Machine Design

Don't touch CAD until you've firmed up the concept

Predesign software can test many ideas before committing to details.

By Shyamal Roy
Geomate Corp.
San Jose, Calif.

Edited by Paul Dvorak

A program called GrafiCalc is one example of PMDA software. Smart built-in functions have seamless bidirectional links with geometry, so when the geometry changes, the calculations update automatically and vice versa. A bar at the screen top shows beam deflection and the screen shows its odd cross section. The software includes a library of over 100 built-in functions (for finding beam deflections, moments of inertia, perimeters, and lengths, for example) to make bidirectional associations between geometry and calculations. As design variables change, the program immediately recalculates deflection.

The belt-drive example includes a tensioner. The system calculated belt length and tension based on tensioner characteristics. Repositioning the driver gives an idea of how the length and tension change.

The design of a heat sink might begin with a general shape and the calculation that a profile perimeter of 250 mm will be sufficient to dissipate the expected heat load. PMDA software can perform the calculations to find the fin height that provides the required area.

Studies indicate that engineers nail down up to 80% of a product's final cost in the first 10% of a project. But when ideas are in flux and design goals are moving targets, CAD and FEA are not the most appropriate tools.

Hard facts are hard to come by early in a design. Nevertheless, this period is special because it's when mistakes are least expensive to correct. So it behooves the wise designer to test many ideas and make mistakes early on, before advancing to where corrections and changes get expensive. Software that provides more hard facts to the designer, earlier, could prove invaluable.

Predesign work often prompts questions such as, when will we know how sensitive belt tension is to tolerances in pulley diameter and belt length? How much work should it take to optimize an extrusion profile so the material extrudes straight? How long will it take to determine section properties for a complex beam? Or, why is it necessary to wait until finishing a design to check for interferences in the mechanism? The common thread through these questions is that design decisions are waiting on answers CAD programs cannot deliver.

Initial attempts at developing this so-called premodeling design-analysis (PMDA) software had limited success, primarily because they were built around variational-modeling techniques. Variational modeling involves spawning and solving a system of nonlinear simultaneous equations to track geometric constraints. While this method is flexible and can accommodate many situations, it slows as constraints are added. In addition, many of these programs wanted to occupy the entire design chain, thereby competing unsuccessfully with established CAD and solidmodeling packages.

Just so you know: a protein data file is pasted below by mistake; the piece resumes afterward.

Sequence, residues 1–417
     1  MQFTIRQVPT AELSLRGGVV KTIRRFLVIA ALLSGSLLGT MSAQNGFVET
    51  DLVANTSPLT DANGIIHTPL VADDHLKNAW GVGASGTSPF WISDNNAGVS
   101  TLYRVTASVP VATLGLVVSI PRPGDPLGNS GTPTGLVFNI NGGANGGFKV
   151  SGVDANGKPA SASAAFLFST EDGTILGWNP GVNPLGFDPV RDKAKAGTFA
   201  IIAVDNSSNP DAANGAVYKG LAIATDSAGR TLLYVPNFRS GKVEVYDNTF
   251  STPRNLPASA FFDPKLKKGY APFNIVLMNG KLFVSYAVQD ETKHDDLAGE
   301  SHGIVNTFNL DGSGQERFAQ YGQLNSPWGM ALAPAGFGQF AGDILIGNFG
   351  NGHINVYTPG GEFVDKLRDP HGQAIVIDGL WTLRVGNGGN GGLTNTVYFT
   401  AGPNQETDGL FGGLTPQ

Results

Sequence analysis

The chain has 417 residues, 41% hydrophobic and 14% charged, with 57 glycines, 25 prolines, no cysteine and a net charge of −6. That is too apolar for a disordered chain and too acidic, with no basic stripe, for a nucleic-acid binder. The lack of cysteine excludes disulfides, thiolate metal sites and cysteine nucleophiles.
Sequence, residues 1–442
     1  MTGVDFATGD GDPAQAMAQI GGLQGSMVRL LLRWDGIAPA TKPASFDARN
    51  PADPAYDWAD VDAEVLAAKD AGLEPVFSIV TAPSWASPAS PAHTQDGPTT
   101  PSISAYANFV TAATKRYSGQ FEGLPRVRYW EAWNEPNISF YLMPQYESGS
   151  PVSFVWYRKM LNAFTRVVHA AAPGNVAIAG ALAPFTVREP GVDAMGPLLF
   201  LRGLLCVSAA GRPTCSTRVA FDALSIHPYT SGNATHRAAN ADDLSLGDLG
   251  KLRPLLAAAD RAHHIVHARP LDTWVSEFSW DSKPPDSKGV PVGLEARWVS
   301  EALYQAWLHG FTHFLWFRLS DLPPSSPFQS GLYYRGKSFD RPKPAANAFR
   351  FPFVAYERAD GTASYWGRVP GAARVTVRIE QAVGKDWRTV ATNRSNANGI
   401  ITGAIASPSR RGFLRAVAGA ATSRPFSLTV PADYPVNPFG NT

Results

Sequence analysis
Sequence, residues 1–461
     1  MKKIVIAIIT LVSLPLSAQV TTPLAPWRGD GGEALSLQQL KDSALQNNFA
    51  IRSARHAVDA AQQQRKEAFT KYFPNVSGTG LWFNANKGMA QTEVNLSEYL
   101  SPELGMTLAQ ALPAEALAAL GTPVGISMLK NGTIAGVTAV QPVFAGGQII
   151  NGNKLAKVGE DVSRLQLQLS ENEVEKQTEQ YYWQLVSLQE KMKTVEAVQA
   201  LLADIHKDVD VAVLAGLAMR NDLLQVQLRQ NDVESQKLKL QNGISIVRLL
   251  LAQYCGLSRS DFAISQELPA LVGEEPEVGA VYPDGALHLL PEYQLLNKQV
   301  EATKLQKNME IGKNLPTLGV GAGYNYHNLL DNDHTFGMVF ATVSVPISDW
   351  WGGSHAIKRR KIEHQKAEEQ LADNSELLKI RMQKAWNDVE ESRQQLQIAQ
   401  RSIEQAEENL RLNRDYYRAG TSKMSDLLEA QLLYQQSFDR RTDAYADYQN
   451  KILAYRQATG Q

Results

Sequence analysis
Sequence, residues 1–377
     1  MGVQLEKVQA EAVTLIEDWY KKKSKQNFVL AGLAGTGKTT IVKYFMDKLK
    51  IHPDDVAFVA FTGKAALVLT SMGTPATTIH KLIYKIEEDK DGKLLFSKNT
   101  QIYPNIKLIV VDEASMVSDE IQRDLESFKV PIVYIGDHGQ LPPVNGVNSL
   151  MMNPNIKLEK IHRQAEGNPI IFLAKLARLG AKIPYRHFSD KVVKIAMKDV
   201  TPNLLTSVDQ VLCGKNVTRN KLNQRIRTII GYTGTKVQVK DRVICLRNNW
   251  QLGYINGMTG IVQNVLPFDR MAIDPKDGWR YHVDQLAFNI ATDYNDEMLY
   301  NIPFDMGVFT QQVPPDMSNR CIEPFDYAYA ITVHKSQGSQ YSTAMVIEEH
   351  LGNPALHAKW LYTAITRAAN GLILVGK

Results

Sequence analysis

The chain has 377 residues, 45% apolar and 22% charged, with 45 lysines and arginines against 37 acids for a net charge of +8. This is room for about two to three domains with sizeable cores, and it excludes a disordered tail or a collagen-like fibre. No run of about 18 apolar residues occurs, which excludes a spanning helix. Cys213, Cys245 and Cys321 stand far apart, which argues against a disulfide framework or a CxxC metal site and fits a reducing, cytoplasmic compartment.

An ideal conceptual program should help users visualize, analyze, simulate, and solve geometry-dependent challenges in the early stages of design. A premodeling design-analysis tool would be put to work while users have maximum flexibility, minimum information, and the most questions.

Users wishing to perform a PMDA need to start with a flexible model of the design intent. Then they can approach the challenge from a bottom-up or top-down view. In the bottom-up perspective, users capture the design intent in flexible models and then vary the inputs while receiving instantaneous decision support information. In the top-down approach, a user starts with an answer or requirement and the computer assists finding optimal design solutions.

Evaluating a set of givens at the start of a design may result in an optimal solution. Spreadsheets have been one way for testing early ideas. With some work, they can be rigged to drive a CAD system. But PMDA technology should go one better by letting users capture the functional intent of designs by associating geometry and calculations in a single expression. So as geometry and design variables change, the predesign software should recalculate and support instantaneous design decisions. In the following example, a PMDA program has captured parameters that contribute to a part's deflection.

PMDA software should also allow kinematic studies for mechanisms. Often, users can apply graphical solutions to solve complex geometry-based design challenges, all without solving a single equation. In the beltdrive example, as the user moves the driver pulley, belt tension and length automatically recalculate. This graphical analysis, called behavior modeling, finds solutions to design challenges that benefit from optimized shape, fit, and position. This geometric goal-seeking technology should let users start with results or required values and have the computer "backsolve" for exact geometry. For example, behavioral goals could be a required area, length, angle, perimeter, moment of inertia, volume, cost, weight, clearance, distance, tolerance, stress, or deflection. A heat sink provides another example. The software backsolves the geometry of the fins to fulfill a stated profile-perimeter target.

Many problems need only a concept sketch, a few key dimensions, and often only a few minutes of computer time. To be fair, more fluid ideas can take a few hours to solidify. Afterwards, designers can construct costly physical models and prototypes as necessary, and with more confidence that they'll work. Premodeling design analysis is an essential step that can deliver the maximum impact on the final design performance.

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